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Five Ways to Improve the Recruiter-Traveler Relationship

It is no secret that we live in a world in which building a quality relationship is a necessity to succeed. The travel therapy world is no different.

If you ask anyone, the single most important factor to traveling as a therapist is building a great relationship with your recruiter. Having been a therapy recruiter for nearly four years, I have had the opportunity to listen to both a traveler’s and a colleague’s thoughts on the matter.

Below, I explore five ways both recruiters and travelers can improve this important relationship. If you follow these, working together will be a cinch!

Get to know each other. Believe it or not, the person on the other end of the phone is a real person and lives a real life. You would be surprised to learn what the other does on the weekend or in their spare time. You may even bond over those interests!

Be honest.  We all know it can be frustrating to feel like you are being misled. Recruiters: do not tell your traveler you have jobs in areas in which you do not. Travelers: always be forthcoming about which jobs you would actually accept if offered. Any relationship is great when both parties can trust the other is being truthful!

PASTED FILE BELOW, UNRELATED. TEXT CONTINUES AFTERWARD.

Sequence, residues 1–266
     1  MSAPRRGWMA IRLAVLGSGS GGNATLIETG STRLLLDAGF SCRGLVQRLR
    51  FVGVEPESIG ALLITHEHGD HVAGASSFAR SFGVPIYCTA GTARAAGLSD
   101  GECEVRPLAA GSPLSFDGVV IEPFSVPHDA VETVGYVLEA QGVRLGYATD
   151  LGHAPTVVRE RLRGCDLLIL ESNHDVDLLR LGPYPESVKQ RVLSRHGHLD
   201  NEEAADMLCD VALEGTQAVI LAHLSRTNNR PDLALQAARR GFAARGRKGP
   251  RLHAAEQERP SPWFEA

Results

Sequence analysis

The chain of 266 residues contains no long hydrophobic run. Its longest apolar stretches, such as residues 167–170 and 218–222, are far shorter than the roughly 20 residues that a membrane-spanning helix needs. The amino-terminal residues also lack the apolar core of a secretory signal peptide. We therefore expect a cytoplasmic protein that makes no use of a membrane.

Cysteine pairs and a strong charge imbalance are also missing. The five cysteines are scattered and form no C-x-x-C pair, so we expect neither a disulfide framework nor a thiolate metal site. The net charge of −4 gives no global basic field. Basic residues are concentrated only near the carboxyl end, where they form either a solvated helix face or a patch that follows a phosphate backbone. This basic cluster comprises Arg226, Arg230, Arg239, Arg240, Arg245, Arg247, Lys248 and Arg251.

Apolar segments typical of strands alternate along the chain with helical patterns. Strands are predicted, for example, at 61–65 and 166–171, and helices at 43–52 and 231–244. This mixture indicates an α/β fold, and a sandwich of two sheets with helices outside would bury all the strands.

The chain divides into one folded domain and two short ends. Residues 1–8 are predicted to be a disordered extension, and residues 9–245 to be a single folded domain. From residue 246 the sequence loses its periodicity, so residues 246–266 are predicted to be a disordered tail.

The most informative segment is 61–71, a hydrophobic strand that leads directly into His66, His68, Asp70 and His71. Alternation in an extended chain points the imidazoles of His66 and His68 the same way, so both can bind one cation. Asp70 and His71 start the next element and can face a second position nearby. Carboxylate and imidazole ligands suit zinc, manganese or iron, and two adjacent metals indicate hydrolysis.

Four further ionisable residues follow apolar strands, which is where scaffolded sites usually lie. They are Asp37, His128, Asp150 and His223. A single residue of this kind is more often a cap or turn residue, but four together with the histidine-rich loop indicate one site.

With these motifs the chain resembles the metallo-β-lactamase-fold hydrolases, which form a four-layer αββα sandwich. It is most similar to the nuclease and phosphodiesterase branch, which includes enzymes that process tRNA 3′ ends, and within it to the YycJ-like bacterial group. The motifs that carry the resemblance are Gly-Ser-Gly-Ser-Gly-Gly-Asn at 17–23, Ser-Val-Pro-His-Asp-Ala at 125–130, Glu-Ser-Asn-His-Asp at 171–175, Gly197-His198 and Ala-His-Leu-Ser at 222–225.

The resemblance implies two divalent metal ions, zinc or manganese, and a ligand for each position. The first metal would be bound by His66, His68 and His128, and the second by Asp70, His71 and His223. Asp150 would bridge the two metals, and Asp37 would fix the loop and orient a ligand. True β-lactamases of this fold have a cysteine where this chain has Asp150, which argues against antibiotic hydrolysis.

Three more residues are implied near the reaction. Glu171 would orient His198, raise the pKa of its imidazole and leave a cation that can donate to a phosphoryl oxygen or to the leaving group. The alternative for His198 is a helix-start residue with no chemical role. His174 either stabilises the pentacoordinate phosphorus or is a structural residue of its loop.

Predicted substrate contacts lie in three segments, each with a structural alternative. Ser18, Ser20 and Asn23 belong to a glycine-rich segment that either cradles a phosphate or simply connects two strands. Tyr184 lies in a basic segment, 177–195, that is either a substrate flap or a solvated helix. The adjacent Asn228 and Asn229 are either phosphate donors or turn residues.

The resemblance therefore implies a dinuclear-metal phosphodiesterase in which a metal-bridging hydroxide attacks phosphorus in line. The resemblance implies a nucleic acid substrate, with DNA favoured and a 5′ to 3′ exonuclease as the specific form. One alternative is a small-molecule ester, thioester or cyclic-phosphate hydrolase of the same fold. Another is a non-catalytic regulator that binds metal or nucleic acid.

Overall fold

Be accessible. We are all incredibly busy people. Therapists are constantly evaluating, treating, and documenting most of the day. On the other hand, recruiters are constantly on the phone, helping with applications, and can be busy with other duties as well. That said, set appointments with each other or perhaps find other methods of communication like e-mail, Facebook, and LinkedIn.

Follow through. Imagine being in a group project where your partner did not do their part. Frustrating, right? Do not be that partner.   Do what you say you are going to do. Recruiters, if you promise to call a traveler at a certain time—call them! Travelers, if you say you will build a profile by a certain time—build the profile!

Set expectations. Let each other know how you operate or how you would like things done. For example, travelers, let your recruiter know if you only want to be called once a week (or less). Recruiters, please let your traveler know if you are expecting a quick response regarding jobs.

What did I miss? What are some other ways you have strengthened the bond between you and your recruiter? Comment below with your suggestions!

Louis Teal is a Recruiter for the Aureus Medical Social Media Recruitment Team.

 

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